Books 5/17/04

I just finished reading Life of Pi by Yann Martel, and my mind is spinning as I try to process it all. It’s a beautiful, challenging book and I don’t know that there’s any one right interpretation. But this is mine for this reading of it.
Pi is a sweet little boy who goes through a horrible ordeal. He tells the story of what happened, and his telling of the story is how he takes something gruesome and gives it meaning. (Reminiscent of Big Fish and Don Juan DeMarco in terms of how we use stories to portray emotion and depth of experience.) To believe his account takes a leap of faith, a belief in the unusual, but his story contains allegory and metaphor for life. It functions as the stories of religion- it’s a narrative deeper in its application and meaning.
What that meaning is is difficult to express on first reading. I sense a connection between Pi’s experience on the boat to Hindu concepts, although there are also parallels to Christian stories (Noah, Job, Daniel and the Lion’s Den). The island he finds is perhaps a comment on the Muslim experience, but as his own faith transcends religions, so do his allegories run together. The main vision I see in it is one of a cycle of life – a blissful pre-existence of learning and growth; a seperation from that to earth life, full of struggles, trial, and application of those things learned earlier; then a returning to a that previous existence where, if faith and a proper perspective have been applied during trials, progression can be made. If the trials had the opposite effect, of dragging down and causing to lose hope, then growth won’t have happened.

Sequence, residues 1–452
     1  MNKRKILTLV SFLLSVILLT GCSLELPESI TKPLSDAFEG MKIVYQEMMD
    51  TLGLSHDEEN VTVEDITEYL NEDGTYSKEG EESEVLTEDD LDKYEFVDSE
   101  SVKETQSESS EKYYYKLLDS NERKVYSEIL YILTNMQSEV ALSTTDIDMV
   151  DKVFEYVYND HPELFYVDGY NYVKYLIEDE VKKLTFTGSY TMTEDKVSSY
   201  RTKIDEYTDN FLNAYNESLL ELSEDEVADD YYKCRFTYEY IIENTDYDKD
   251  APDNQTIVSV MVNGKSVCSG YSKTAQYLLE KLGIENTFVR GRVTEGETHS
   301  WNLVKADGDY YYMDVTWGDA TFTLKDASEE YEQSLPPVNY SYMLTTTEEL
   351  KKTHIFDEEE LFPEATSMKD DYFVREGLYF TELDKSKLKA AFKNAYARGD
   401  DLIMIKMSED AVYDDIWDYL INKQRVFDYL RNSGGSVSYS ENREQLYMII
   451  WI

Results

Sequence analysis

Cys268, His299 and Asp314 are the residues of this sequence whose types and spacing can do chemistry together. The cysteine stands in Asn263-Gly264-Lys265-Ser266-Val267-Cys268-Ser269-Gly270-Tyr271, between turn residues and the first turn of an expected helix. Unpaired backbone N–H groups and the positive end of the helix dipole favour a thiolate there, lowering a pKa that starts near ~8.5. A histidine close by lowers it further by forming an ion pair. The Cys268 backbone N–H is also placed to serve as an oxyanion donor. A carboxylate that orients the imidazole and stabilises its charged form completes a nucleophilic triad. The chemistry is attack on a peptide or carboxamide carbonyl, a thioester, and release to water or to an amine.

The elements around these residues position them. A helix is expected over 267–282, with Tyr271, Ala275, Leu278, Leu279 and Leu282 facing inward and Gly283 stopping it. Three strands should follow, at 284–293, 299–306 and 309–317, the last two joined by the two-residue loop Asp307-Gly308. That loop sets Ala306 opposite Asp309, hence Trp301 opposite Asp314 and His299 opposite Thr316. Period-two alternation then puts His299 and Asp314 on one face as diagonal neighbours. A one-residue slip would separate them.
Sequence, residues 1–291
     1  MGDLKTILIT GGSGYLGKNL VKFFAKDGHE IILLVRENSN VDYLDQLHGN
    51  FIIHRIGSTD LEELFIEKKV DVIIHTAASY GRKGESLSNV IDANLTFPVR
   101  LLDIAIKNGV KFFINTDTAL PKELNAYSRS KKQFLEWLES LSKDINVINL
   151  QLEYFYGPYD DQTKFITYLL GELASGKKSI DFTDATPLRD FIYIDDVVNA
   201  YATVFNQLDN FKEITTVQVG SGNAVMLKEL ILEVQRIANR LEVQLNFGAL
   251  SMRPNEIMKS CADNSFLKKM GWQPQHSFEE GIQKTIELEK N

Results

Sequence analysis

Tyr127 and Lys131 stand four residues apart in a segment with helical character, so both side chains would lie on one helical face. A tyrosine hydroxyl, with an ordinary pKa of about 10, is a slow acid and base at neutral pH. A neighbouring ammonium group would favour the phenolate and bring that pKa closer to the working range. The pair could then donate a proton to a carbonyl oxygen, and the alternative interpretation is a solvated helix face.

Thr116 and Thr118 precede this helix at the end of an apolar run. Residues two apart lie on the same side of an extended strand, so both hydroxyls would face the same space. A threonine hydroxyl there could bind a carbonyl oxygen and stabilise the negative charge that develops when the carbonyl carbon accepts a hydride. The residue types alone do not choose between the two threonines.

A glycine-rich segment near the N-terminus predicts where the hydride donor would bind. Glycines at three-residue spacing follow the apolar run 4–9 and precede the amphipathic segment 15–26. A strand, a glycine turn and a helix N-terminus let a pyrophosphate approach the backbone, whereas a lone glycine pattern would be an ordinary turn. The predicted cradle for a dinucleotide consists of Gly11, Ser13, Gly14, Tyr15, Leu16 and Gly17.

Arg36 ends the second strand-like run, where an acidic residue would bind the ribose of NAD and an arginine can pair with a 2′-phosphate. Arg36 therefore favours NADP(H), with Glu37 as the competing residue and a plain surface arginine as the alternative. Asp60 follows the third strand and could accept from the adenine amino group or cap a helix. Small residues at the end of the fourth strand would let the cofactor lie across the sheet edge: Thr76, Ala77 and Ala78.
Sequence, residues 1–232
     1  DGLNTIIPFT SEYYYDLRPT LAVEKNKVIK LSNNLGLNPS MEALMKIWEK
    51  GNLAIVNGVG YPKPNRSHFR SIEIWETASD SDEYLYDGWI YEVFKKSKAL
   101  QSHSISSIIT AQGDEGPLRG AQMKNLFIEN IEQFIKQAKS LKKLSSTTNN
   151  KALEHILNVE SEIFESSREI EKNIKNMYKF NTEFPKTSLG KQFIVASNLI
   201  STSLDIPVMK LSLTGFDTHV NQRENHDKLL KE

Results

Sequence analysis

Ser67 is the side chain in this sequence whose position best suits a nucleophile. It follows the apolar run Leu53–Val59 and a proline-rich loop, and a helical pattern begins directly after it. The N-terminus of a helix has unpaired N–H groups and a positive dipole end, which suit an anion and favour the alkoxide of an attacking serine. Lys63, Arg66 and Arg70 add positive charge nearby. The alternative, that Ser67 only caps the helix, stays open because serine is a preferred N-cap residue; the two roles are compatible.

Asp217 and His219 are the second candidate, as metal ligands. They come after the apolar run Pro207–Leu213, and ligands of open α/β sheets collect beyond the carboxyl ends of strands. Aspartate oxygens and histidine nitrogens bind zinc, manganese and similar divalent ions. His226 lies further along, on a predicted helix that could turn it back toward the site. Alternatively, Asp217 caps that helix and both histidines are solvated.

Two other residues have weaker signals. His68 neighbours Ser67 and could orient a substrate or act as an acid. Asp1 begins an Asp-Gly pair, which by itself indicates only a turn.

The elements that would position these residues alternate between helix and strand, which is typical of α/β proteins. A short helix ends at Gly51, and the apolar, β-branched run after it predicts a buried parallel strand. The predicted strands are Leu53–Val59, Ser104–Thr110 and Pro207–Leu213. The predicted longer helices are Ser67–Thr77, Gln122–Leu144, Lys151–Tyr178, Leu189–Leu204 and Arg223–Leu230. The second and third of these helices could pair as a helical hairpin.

I have no idea if that makes any sense, but the book is beautiful despite its gruesomeness at times.

I just read an interview with Yann Martel, and it backs up my thoughts on the redemptive power of stories, the choice we have about how we view reality. He’s an interesting man.

Addtional thoughts from a couple days later when my mind is still naturally wandering back to this book (while trying not to include anything that will be a spoiler)-
Pi and Richard Parker on the boat = the spiritual vs. the physical
Violence of the animals on the boat= connection between all life- what violence do we accept? ( I don’t quite know how to express this)
Pi’s realization that Richard Parker is on the boat, in relation to revelations made later, is one of the most powerful moments in any book, ever. I keep returning to it again and again in my mind.
Current Count: 56
Just Finished: Life of Pi by Yann Martel
Next up: The House of Mirth by Edith Wharton

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